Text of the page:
2 tissues from the mechanical contact. 5,6 Gauze fibers can be shed into the wound, resulting in an inflammatory response, increasing the risk of infection and delaying healing. 7 Most experts agree that scrubbing and swabbing should not be used on the wound bed but can be used on the surrounding (periwound) tissues. Irrigation is the controlled delivery of a fluid into the wound to remove contaminants, excess exudate, loose tissue and debris, and dressing residue, and to reduce bacterial colonization without causing damage to the tissues. A 35-mL syringe and 19 gauge needle, hub, or plastic cannula will deliver a solution to the wound bed at a pressure between 7 to 11 psi without damage to the tissues. 8 Irrigation is the preferred method of cleansing for most acute wounds, but needle-stick injury, splash-back, and exposure to disease are concerns. 9 For cleansing, place the individual in a seated, supine, or prone position on a table. Prepare the area with towels to catch excess body fluids and cleansing solution drainage. When irrigating the wound, the clinician should place a cupped, gloved hand above the wound bed to lessen splash-back from the stream. For all wound management procedures, Occupational Safety and Health Administration guidelines must be followed. Cleansing solutions range from tap water to antimicrobial agents, and the selection of a solution should be based on its cleansing effectiveness and cytotoxicity to the tissues. Sterile 0.9% saline is generally regarded as the most appropriate cleansing solution, which can be used on acute wounds without damage to healing tissues. Tap water has been used for centuries without a high incidence of infection, but few investigations have assessed its effectiveness as a cleanser. Some suggest that water from a properly functioning treatment plant, supplied through non-contaminated pipes and tap nozzles, and allowed to run a few minutes prior to use, is appropriate for wound cleansing. 10 The limited number of investigations comparing saline and tap water as cleansing solutions have found no differences in rates of infection, but additional studies are warranted. 11,12 The value of antimicrobial agents for wound cleansing has been questioned for years. Research has demonstrated that some agents are cytotoxic to tissues, inactivated by body fluids, hard water, and cellulose products and are often not in contact with the wound bed long enough to significantly lessen bacterial count. Overall, research findings suggest that povidone-iodine, hydrogen peroxide, and sodium hypochlorite are cytotoxic to human fibroblasts and macrophages and should not be used for cleansing of the wound bed, but are appropriate for the periwound tissues. 4,8,13 Cleansing solutions should be delivered to the wound bed at body temperature. A decrease in the temperature of the wound bed (< 37 C or 98.6 F) can delay cellular and chemical processes associated with healing up to 3-4 hours. 3,14-16 Further research is needed to determine the effects of different cleansing procedures and solutions on rates of healing and infection of acute wounds. Debridement Wound debridement is the process of removing necrotic or devitalized tissue and metabolic waste from the wound bed until only soft and well-vascularized tissue remains. 17 Debridement should be performed as soon as possible with all acute wounds to reduce bacterial growth and lessen the risk of infection. 17,18 The absence of necrotic tissue and infection facilitates progression of normal wound healing. Common techniques of debridement include sharp, mechanical, and autolytic procedures. These techniques can be used individually or in combination. Sharp debridement is highly selective in removing tissue and waste and is performed in a non-sterile environment, with or without local anesthesia. Place the individual in a seated, supine, or prone position on a table and remove nonviable tissue along the border with viable tissue using a scalpel, scissors, forceps, and/or tweezers. 17 Mechanical debridement utilizes whirlpool baths, irrigation, and wet-to-dry and wet-to-moist gauze dressings. Whirlpool baths remove loose tissue and debris, but the potential for cross-contamination and tissue damage are concerns. Irrigation will also remove loose tissue and debris from the wound bed. Gauze dressings are the most commonly used method of mechanical debridement. 17 Wet-to-dry dressings are nonselective, employing avulsion to remove nonviable tissue and waste, but also removing some amount of healing tissue. Sterile gauze is moistened, placed on the wound bed, then covered with additional gauze and allowed to completely dry. The dressing is then lifted off of the wound surface, removing the tissue and waste adhered to the gauze. Although this procedure is effective in removing tissue and waste, pain and damage to healing tissues occurs with the avulsion mechanism. The wet-to-moist method is similar, Athletic Therapy Today january 2008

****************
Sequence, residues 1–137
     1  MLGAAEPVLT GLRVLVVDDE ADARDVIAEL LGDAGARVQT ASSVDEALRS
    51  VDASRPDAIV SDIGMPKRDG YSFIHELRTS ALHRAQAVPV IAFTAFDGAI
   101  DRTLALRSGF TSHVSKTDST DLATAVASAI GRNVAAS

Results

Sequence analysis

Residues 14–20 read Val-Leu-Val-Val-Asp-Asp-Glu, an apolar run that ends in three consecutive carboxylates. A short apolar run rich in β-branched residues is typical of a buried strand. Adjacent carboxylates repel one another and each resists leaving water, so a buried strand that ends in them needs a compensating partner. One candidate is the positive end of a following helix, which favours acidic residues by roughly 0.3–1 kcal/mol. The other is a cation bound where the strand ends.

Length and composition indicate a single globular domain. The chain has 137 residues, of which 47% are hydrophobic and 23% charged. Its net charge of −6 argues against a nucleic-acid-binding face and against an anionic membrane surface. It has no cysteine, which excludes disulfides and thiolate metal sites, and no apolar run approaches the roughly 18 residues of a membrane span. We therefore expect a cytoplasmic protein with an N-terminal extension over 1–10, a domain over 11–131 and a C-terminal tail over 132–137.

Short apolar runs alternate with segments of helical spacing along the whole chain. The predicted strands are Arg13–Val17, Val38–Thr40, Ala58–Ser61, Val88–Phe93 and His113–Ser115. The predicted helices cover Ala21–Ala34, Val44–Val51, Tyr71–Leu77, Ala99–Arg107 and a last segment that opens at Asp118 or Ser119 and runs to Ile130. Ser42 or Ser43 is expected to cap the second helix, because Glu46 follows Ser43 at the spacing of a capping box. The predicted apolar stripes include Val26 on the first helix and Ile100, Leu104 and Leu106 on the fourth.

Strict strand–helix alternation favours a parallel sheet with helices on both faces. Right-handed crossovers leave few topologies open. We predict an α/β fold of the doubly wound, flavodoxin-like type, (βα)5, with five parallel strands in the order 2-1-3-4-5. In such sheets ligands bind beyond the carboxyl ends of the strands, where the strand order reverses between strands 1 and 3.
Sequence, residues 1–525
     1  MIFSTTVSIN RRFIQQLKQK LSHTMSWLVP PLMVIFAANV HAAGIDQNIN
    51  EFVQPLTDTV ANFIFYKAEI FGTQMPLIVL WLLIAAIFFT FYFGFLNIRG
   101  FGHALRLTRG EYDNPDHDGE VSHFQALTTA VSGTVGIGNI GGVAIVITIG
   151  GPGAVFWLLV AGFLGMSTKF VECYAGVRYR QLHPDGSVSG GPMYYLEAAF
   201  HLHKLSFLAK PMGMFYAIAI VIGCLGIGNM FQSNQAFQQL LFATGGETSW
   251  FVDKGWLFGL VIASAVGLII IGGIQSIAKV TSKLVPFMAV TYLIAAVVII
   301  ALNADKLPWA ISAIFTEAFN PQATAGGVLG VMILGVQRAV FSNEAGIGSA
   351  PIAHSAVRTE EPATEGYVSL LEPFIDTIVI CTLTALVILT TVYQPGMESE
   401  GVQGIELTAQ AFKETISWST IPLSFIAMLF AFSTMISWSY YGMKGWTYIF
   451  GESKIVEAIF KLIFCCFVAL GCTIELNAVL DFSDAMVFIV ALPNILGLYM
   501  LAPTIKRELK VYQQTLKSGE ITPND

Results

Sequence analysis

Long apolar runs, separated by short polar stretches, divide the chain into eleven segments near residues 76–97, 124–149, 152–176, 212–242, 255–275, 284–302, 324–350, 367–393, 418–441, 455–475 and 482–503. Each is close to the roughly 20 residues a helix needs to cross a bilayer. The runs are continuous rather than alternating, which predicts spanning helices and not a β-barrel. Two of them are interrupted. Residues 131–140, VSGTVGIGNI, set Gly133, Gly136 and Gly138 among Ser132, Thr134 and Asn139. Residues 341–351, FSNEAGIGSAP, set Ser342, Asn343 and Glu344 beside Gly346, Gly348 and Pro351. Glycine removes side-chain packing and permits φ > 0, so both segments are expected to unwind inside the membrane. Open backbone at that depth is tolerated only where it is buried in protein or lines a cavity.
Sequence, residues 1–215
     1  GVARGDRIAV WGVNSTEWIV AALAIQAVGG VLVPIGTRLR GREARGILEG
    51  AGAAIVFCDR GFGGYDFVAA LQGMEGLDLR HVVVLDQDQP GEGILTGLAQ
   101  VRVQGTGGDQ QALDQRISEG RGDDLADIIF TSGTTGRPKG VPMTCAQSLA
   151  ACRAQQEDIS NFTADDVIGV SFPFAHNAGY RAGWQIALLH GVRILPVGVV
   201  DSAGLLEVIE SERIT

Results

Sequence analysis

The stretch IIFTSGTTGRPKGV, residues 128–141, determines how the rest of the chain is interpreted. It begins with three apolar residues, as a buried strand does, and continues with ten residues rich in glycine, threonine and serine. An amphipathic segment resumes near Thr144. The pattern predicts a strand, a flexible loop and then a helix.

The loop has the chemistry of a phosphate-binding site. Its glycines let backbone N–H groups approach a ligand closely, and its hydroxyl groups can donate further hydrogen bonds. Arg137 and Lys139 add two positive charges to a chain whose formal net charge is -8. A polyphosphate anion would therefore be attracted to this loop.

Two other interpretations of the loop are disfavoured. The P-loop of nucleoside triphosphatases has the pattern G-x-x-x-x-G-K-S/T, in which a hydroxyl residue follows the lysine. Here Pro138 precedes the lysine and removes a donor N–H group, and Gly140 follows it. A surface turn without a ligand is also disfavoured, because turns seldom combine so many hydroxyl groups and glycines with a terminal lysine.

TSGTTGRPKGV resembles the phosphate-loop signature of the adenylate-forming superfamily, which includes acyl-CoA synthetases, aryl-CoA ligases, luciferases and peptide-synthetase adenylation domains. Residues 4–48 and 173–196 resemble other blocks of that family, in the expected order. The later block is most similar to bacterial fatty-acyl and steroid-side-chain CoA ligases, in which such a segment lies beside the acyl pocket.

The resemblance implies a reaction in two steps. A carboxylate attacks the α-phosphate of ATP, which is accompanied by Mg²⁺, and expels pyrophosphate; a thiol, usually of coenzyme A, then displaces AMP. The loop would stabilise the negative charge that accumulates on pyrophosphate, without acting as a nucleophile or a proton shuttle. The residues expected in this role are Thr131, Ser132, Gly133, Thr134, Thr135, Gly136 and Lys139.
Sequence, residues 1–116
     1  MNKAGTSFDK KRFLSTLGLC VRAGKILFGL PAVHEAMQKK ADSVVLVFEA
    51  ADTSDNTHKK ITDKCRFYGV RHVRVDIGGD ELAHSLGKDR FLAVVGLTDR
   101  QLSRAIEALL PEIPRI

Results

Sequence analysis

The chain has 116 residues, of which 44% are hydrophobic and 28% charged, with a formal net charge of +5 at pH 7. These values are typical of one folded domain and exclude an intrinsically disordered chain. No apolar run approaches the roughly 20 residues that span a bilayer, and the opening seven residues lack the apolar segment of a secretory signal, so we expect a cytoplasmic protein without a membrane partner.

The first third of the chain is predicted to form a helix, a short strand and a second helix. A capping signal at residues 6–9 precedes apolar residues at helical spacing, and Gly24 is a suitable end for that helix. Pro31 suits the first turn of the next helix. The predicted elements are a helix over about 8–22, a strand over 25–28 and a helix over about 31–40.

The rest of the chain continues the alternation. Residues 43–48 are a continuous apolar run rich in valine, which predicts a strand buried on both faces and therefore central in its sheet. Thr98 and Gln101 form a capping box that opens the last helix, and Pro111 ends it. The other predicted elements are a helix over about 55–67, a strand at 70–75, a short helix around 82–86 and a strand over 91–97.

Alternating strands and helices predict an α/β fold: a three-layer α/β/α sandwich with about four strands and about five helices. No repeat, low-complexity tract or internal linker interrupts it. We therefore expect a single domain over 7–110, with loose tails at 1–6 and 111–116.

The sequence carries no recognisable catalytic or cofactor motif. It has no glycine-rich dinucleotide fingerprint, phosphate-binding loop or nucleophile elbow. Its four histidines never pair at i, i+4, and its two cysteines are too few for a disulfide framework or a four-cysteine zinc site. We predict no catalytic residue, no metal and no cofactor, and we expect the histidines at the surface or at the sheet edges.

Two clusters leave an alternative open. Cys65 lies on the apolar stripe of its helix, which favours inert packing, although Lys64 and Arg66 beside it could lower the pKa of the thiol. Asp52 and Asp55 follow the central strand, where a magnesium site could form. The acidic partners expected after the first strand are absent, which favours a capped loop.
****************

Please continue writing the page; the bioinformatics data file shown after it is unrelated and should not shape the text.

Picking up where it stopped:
3 but the gauze placed on the wound bed must remain moistened. This method is less effective in tissue and waste removal, but results in less pain and damage to healing tissues. Autolytic debridement is the softening and digestion of devitalized tissue and waste by the body s own mechanisms in a moist wound environment that is maintained by a semi-occlusive or occlusive dressing. Autolytic debridement is painless and less labor intensive than other techniques but should not be used for wounds that have not been thoroughly cleansed. 8,17,18 Research comparing the effectiveness of debridement techniques is limited and additional investigations are warranted. Dressings Wound dressing is the application of materials to the wound surface to maintain an optimal environment for facilitation of the healing process. The characteristics of an ideal dressing include maintenance of a moist wound environment, removal of excess exudate from the wound bed, allowance for gaseous exchange between the wound and external environment, thermal insulation for the wound, impermeability to bacteria, and avoidance of additional trauma to tissues during its removal. The dressing should be sterile, nontoxic, nonallergic, and nonadherent to the wound surface. 19 The selection of a dressing should be based on the type of wound, the purpose of the dressing, and the activity level of the individual. A single best-dressing does not currently exist. Wound dressings can be categorized into three groups: (a) woven, (b) skin tapes, and (c) semi-occlusive/occlusive. Woven dressings include dry gauze, impregnated gauze, and paraffin gauze. Dry gauze is the most frequently used dressing and often erroneously considered the standard of care. 20 Dry gauze does not maintain a moist wound environment; it allows drying and cooling of tissues, it adheres to the wound bed, it requires frequent changes, and it causes pain and tissue damage upon removal. 20 Furthermore, dry gauze does not provide a physical barrier to the environment, thus increasing the risk of cross-contamination and infection. In vitro, bacteria have been found to penetrate through 64 layers of dry gauze. 21 Dry gauze is inappropriate for direct contact with the wound bed but can be used as a secondary dressing to absorb exudate. 22 Impregnated and paraffin gauze maintain a moist environment, they form a protective barrier, and they do not adhere to the wound bed. These dressings are used in the treatment of puncture and cavity wounds to wick exudate away from the wound bed. Skin tapes are used for the closure of superficial, linear lacerations with minimal static and dynamic tension. The application of skin tape is quick and painless, and it has been demonstrated to have a lower rate of infection and tissue damage when compared to traditional thread suturing. 23,24 Semi-occlusive and occlusive dressings promote a moist wound environment. This category of wound dressings includes film, foam, hydrogel and hydrocolloid dressings, and dermal adhesives. Since the 1960s, numerous researchers have investigated the benefits of maintaining a moist wound environment in terms of healing rate and frequency of infection A moist wound environment has been linked to enhancement of many cellular and chemical processes associated with healing. Wounds treated by occlusion have demonstrated an increased rate of healing and decreased occurrence of infection and pain, when compared to wounds treated by the use of either a woven dressing or no dressing. Table 1 summarizes the characteristics of semi-occlusive and occlusive dressings. Films, foams, hydrogels, hydrocolloids, and dermal adhesives possess the characteristics of an ideal dressing. Dressing changes are only required upon leakage of exudate from the dressing edges, drying of the dressing (hydrogel), or signs and symptoms of infection or skin inflammatory reaction. Because normal daily activities and athletic activities can be continued while wearing such a dressing, its use is associated with a high level of compliance. Daily inspection of the dressing and periwound tissues should be performed to ensure detection of infection and any adverse reaction. Conclusions There is limited research evidence available in the literature to guide the clinical management of acute skin trauma among athletes. Clinical decisions and wound care procedures that are based on ritualistic practices and/or anecdotal experiences are likely to impede the healing process. The available evidence supports the following guidelines for cleansing, debridement, and dressing of acute wounds. Irrigation with saline or tap water at body temperature will remove debris and reduce bacterial count without tissue damage.